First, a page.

Fifty years ago today, the Soviet Union changed the world by launching Sputnik 1, the first man-made object to orbit the Earth. Thus began the Space Race and the rush to create agencies in the United States like NASA and DARPA. Dollars were poured into scientific research and education. Many things we take for granted now - like the Internet - eventually came out of the West's panicked reaction to Sputnik and the thought of Soviet superiority in space.
I am just old enough and young enough that Sputnik's shadow hovered over my childhood. I was born just a little more than a handful of years after that first metal satellite orbited our planet, and nearly a handful of years before man set foot on the moon. It was a point when the Cold War was growing warmer, and I developed an early fascination with All Things Soviet.
Without the mania and growth and competition and fear that came in Sputnik's wake, who knows if I would have grown up to become a Russian-speaking kinda-historian? I was a Cold War baby who wanted to see what was on the other side of the Iron Curtain. And, in time, I saw it, in spades.
That all seems like a lifetime ago.
Today, I rarely use my language skills, except at the local Russian grocery store or to talk back to the pseudo-intellectuals that yammer on the local Russian cable TV channel. But last month, a friend of mine gave me an opportunity I couldn't pass up. He asked if I could help him with a small element of a project he was preparing. Could I come up with Russian song lyrics for a melody he'd crafted for an upcoming concert in England to celebrate the 50th anniversary of the launch of Sputnik?
Who could say no to that?!?
It was a blast to help a friend and collaborate on something really creative. Writing lyrics that make sense and rhyme and match the rhythm of a melody is tough enough in your native language, but it was a good head-scratcher in Russian. I loved it. Made me think. I even ran the lyrics past my old Russian professor at Mac (who gave me a good drubbing for my single grammar mistake, which I fixed with the change of one verb, I'm happy to say.) I think my friend was pleased with the finished product - I made him an mp3 of me singing it (fortunately, right before I completely lost my voice to pneumonia!) where I went awfully sharp, but he was still able to add keyboards to it for me to get an idea of what the final song would sound like - ambient, ethereal, celestial. Just lovely.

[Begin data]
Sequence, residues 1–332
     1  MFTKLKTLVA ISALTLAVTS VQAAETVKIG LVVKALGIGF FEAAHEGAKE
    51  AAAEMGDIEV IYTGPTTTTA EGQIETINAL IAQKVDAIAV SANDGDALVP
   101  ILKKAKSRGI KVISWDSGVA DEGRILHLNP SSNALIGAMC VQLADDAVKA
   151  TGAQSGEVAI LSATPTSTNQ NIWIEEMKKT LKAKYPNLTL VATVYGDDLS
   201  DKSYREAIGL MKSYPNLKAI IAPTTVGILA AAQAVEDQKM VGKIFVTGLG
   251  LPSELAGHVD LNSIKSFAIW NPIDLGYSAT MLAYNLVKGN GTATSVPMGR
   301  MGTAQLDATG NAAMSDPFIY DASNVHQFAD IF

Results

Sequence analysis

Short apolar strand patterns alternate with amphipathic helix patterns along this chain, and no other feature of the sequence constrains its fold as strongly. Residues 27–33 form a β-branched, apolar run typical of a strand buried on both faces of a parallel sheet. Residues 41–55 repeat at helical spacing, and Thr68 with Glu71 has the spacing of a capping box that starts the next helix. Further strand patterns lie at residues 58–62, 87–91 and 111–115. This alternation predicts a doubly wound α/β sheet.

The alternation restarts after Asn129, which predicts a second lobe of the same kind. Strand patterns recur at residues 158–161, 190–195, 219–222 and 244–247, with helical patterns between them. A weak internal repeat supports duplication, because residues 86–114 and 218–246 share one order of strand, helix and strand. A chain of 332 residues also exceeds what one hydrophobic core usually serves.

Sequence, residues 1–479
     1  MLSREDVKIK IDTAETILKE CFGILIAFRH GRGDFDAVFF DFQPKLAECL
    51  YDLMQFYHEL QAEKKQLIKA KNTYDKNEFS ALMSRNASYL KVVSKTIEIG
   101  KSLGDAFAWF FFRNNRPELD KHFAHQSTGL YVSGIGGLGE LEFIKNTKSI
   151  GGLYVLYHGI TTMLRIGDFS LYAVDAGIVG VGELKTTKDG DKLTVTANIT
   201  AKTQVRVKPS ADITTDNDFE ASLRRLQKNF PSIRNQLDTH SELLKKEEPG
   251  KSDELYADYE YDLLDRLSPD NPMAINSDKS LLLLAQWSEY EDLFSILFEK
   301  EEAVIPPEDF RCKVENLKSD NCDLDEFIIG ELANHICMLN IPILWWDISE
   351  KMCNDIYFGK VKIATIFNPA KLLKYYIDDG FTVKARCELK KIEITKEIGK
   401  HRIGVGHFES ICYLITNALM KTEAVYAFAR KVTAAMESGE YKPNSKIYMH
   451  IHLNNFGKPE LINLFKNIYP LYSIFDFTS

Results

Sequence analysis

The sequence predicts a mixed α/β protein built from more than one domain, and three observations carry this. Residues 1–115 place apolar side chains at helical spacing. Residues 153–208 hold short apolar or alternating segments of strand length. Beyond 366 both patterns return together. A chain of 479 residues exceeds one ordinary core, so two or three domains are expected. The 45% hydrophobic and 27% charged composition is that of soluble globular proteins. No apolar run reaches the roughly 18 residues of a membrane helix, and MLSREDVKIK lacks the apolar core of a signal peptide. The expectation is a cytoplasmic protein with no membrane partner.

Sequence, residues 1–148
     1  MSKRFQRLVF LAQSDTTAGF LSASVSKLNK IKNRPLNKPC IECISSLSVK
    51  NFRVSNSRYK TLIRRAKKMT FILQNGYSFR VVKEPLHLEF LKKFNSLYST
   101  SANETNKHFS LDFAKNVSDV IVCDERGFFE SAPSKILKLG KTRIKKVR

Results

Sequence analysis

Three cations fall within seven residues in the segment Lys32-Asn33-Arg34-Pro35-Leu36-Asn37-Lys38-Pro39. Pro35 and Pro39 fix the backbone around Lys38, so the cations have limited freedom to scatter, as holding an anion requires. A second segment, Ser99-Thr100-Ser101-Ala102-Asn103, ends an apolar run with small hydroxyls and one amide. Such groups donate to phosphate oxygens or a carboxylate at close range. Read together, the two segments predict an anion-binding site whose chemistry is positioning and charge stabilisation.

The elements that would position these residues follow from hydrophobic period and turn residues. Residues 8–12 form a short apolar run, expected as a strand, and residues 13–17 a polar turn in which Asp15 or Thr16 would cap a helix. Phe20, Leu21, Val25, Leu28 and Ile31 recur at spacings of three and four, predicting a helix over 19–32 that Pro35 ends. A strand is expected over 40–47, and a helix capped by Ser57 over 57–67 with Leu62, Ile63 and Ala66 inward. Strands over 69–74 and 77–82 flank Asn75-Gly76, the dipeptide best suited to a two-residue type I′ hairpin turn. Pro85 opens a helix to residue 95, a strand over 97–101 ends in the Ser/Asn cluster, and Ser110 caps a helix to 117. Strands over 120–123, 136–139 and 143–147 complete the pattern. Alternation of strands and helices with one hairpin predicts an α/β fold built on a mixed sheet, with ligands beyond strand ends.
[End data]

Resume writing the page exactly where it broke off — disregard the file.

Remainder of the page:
The concert was last night, in a city where I once lived (and got many bad 80s haircuts!) I'm so sorry I couldn't be there. But, even had I been able to buy a ticket to London, I don't think my back, post-accident, would have tolerated the transatlantic flight.
And so, yesterday evening I missed my great three-minute or so debut as Thomas Dolby's Russian-language lyricist, but that's okay. It was simply a delight to help him out. And I hope the audience really dug the song, sung as a duet by Thomas and his friend, Bruce Woolley. Bruce plays the theremin, which is pretty damn cool. Bruce, with Trevor Horn & co., wrote a little ditty called "Video Killed the Radio Star" back in the day. How cool is that, mah fellow children of the real MTV era?
I sent Bruce a note via his MySpace page last week, and he sent back the nicest message as he was working to learn the phonetic Russian I'd provided. I've been humming the song to myself for weeks now. When I was working on the lyrics, I was concentrating so hard, I apparently sang it out loud as I pumped gas one afternoon. The guy across the pump from me just stared like I had a third eye. Considering the number of Soviet emigres in my 'hood, it's entirely possible he understood me and was just wondering what the F I was singing about.
Before he left for the UK, I gave Thomas two vintage Soviet lapel pins, celebrating the launch of Sputnik. They were cast in either 1957 or 1958. I can't quite remember. And I managed to maim Thomas with them when he put them in his pocket and one of those suckers stabbed him in the finger. Lovely. Stab the keyboardist's hand while he's on tour. Jeez, Merujo!
When I find a review of the show online, I'll share it with you. Here's a little skinny from the venue, so you know what this was all about.
I might have been stuck on the sofa in Maryland with my heat pad and a fistful of painkillers last night, but I was in London in spirit, kids. Big time.